On a related note, I wanna see zombie movie in which ninety percent of the zombies are OLD PEOPLE. Eight percent should be gang members, leaving 2 percent for random accidents. How many people in their twenties-fifties die on any given day, even in a large city?

  28. This is assuming we’re going the “freshly dead” route, of course. If we aren’t, they should all be dressed in formal wear, with Ronnie Reagan rouged cheeks — and pounding on the lids of the coffins they can’t escape from.

    Shit, for all we know, the dead ARE re-animated– and stuck under six feet of earth.

  29. Stu, are you saying that even Romero’s Dawn of the Dead is a lazy movie? I mean, if you get bitten by a zombie, you turn into a zombie. That’s just the bottom line to it all.

    Also, I call bullshit on how fast zombies aren’t scary. Dude, if a zombie is sprinting at me faster than I can run, I’m definitely fucked. At least with slow moving zombies there is a chance I can run into a new society like in Land of the Dead.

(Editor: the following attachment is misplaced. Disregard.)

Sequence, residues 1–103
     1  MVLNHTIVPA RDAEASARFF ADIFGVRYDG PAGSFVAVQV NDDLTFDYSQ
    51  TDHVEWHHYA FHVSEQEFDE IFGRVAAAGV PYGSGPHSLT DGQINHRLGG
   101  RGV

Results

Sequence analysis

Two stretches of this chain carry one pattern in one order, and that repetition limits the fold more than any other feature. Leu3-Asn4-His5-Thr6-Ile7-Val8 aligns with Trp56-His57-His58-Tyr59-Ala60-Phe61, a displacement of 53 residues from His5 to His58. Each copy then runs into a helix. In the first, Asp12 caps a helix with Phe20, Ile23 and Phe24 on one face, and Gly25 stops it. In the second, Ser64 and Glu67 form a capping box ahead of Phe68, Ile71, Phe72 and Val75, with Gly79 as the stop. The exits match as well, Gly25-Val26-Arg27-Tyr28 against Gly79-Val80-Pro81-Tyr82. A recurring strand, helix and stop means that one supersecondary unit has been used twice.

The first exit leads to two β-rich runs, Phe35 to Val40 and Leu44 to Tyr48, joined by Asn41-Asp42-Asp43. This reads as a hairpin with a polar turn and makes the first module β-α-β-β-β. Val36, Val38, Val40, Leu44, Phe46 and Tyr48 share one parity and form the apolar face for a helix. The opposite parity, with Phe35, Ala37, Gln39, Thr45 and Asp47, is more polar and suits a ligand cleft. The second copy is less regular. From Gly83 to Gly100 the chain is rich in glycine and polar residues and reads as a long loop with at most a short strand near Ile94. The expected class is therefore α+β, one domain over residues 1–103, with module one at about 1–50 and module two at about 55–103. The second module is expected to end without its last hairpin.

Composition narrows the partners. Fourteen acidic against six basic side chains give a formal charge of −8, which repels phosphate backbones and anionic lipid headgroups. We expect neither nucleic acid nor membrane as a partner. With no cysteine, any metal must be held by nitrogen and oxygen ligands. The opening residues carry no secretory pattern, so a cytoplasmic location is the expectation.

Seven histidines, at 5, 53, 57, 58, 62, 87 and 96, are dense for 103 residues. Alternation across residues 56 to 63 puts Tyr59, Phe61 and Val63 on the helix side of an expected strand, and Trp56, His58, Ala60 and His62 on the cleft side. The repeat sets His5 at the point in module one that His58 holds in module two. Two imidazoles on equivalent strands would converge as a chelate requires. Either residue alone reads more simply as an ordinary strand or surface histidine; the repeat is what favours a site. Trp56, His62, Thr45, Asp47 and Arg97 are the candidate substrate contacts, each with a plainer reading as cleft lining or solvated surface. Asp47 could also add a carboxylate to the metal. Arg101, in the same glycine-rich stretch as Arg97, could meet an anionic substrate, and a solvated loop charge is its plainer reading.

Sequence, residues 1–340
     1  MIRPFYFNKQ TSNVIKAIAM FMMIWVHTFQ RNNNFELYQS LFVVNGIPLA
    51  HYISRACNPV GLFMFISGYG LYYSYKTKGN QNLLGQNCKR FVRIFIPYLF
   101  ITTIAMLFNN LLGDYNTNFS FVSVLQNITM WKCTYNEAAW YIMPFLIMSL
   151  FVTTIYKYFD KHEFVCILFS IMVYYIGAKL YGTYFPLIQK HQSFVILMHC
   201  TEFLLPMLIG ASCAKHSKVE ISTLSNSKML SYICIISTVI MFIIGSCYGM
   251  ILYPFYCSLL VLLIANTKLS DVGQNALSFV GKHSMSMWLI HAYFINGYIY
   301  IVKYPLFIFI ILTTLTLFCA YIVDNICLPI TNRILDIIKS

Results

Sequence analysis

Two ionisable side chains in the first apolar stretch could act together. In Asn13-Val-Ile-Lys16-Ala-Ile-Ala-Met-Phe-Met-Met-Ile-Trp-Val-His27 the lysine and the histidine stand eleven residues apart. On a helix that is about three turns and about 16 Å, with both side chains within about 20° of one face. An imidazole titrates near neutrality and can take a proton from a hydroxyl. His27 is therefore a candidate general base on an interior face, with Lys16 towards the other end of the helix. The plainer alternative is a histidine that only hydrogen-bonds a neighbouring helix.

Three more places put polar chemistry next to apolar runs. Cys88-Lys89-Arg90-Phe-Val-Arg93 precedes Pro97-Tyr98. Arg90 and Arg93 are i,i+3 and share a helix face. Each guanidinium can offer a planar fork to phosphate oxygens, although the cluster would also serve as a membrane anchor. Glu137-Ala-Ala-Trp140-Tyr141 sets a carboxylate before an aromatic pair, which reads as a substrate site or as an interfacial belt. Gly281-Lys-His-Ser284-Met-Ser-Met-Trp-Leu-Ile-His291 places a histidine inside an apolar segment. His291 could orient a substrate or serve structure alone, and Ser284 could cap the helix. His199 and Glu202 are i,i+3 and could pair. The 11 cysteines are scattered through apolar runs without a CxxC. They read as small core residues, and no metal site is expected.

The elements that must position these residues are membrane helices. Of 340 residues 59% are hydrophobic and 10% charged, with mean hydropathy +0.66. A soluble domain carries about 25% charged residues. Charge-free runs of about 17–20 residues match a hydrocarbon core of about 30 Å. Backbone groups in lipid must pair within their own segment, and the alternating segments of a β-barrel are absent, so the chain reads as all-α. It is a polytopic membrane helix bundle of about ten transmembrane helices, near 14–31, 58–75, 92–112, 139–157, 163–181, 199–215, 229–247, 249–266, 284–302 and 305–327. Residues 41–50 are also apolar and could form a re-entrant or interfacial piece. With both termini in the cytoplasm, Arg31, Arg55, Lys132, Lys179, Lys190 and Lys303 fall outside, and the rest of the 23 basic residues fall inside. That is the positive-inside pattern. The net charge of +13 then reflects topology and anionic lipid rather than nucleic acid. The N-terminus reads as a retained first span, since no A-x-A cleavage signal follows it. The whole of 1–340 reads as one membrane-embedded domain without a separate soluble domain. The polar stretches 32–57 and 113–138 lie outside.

Seriously, I know things sucked for the poor in Land of the Dead but isn’t it better to be the poor and not getting into the high rise then being fucking killed by zombies?

    Additionally, I hate Romero’s The Crazies. You call it rough around the edges, I call it bullshit.

  30. Another thing, how is there still power in zombie movies or any post apocalyptic movie? Are there people there to run the power plants?

  31. I think this remake needs more spice, but it´s better than the original.

  32. – vern

    Have you seen Season of the Witch (or Jack`s Wife)? Since you think that Knightriders are the best fucking movie ever, you should give it a shot. And I would love to read your review of Martin too.

    I think the original Crazies have all the ingredients for a great movie, except the budget. Romero is one of my all time favorite directors, but people tend to ignore his non-zombie movies. In a better world, he would be known as the director of the classics Night of the Living Dead, Martin, Dawn of The Dead and Knightriders. Season of the Witch and Day of the Dead would be almost classics and The Crazies would be his 1941.

  33. I like MARTIN and THE CRAZIES, hell I even like THE DARK HALF, but I`m gonna have to disagree with dna and declare SEASON OF THE WITCH and what was that other one, THERE`S ALWAYS VANILLA fucking atrociously awful films. Seems like we have a lot of disagreement going on with regards to the Romero canon though so to each his own.